And yet, it feels like there is so little time in the face of global crises like climate change or migration, both of which affect Africa immensely. Does optimism negate the urgency of these issues? Don’t we need to be more pessimistic to accelerate change?

Optimism in this case is not neglecting the urgent problems that we are facing. The issues we are dealing with are serious, big, and dramatic, so of course we have to be conscious of them. But I am not sure being pessimistic would help. I see in crises an opportunity to create and be inventive. They can push us, designers and architects, back to the reality of architecture. We have to be inventive, not pessimistic. The change, of course, needs to come fast, but we should avoid solutions that are not completely thought through, as they may have a negative impact that the next generation will have to fix. For example, if you take the Parisian suburbs, the banlieues, they were quickly developed, but today the city is struggling to deal with these sensitive neighbourhoods, which in urban politics have come to be seen as incubators of problems.

So you’re a pragmatist as much as an optimist.

It’s about being ready to adapt. If you come with ideas sewn up like a corset, with no possibility to change, then they will not work. That’s why I remain so focused on the idea of dialogue. I always ask what is possible: how can we adapt, what do we need to redesign, where can we improve.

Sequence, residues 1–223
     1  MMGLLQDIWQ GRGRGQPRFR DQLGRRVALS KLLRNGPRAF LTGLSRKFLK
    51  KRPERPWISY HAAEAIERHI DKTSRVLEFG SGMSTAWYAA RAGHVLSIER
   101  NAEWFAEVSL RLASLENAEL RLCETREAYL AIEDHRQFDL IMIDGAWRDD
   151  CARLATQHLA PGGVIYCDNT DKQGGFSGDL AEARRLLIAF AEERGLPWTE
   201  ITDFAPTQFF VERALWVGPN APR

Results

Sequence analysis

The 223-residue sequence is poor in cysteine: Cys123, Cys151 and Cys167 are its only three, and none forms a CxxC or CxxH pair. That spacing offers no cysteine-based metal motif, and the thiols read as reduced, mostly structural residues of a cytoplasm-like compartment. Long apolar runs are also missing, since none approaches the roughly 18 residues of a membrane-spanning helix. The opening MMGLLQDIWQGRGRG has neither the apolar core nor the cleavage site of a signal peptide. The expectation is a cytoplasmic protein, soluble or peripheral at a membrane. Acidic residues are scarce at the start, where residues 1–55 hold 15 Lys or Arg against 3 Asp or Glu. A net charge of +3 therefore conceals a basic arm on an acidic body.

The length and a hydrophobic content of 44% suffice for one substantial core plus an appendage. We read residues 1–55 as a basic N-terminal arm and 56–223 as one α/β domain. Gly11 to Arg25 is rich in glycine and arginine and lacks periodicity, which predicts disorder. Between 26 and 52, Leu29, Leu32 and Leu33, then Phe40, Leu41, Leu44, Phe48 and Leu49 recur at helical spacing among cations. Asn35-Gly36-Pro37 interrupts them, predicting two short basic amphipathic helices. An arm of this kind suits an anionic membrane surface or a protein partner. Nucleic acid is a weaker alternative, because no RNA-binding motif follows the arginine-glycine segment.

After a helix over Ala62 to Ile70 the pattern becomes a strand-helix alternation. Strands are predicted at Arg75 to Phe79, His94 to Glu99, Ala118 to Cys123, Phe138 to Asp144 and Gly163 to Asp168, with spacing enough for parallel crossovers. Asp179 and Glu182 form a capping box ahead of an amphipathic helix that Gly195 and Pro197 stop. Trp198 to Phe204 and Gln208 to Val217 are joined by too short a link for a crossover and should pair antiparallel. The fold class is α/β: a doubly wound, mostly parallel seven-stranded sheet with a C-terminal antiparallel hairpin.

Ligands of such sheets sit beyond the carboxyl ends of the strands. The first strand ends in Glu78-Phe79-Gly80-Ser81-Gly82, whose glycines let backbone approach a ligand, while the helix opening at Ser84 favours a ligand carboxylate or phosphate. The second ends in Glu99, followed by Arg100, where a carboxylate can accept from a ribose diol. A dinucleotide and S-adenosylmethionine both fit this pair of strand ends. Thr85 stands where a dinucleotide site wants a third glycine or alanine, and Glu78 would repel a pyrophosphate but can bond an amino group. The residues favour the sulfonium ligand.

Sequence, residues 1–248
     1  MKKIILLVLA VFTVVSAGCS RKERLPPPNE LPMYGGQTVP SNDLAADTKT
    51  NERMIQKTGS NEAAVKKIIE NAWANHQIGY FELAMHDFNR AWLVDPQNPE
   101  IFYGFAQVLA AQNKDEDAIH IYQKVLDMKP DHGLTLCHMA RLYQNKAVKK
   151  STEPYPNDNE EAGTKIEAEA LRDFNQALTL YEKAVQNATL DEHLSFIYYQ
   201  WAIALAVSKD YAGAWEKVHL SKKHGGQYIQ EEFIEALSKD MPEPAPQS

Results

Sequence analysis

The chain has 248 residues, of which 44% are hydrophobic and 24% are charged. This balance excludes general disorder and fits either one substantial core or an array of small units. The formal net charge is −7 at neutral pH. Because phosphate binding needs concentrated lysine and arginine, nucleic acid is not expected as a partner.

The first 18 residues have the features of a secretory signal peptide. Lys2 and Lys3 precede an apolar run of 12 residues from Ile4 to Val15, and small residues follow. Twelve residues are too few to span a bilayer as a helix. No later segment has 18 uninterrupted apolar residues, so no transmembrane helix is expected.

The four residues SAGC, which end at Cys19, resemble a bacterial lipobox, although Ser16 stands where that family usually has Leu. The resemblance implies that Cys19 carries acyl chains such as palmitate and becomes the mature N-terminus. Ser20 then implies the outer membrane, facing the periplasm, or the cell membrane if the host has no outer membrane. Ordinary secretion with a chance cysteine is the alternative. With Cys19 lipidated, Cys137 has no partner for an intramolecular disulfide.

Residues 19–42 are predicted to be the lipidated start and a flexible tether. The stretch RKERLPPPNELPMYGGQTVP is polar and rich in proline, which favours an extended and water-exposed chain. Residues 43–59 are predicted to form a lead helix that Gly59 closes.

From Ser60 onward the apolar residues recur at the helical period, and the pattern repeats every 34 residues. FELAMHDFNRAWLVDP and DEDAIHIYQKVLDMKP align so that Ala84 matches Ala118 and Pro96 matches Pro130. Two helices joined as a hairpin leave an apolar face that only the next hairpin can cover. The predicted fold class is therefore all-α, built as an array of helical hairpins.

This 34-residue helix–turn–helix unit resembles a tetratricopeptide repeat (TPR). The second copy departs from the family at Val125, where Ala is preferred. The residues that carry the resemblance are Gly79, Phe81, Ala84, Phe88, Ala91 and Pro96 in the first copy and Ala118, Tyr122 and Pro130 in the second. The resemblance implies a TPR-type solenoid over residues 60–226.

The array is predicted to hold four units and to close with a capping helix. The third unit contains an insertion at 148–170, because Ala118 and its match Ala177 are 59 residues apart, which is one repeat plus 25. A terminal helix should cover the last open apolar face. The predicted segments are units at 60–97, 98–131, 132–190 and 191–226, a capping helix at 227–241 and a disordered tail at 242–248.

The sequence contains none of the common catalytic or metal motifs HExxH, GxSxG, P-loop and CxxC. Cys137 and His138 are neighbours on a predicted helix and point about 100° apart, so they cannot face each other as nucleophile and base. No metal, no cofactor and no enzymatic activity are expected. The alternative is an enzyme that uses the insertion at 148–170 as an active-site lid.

So in that regard, do you see building as being a social act in the truest sense of the word? Can it be designed in advance, on paper, or is it meaningless until people are involved?

Once you get people involved, you are transferring ideas. That’s really what the social aspect is about: transfer. It’s not about design so much as a process of communication. Creating a sort of vehicle for an idea. The social impact becomes much bigger, because not only do people gain an object; they gain knowledge. I remember when I was producing some of my designs, I had friends saying, ‘Be careful, people are going to start copying you.’ I was thinking, ‘Oh, but that’s a good thing. If they copy it, it means it’s good.’

Image: Lycée Schorge, Burkina Faso
Photography by Daniel Schwartz

HELLO THERE

We’re not really talking yet, but hey, Happy new year. 2019, seriously? 2019.

Yes, still off the radar. Merry Christmas. Night night.

NIGHT NIGHT

We’re on break to investigate the meaning of the word ‘holidays’. What was all that about again? Get some rest and thank you.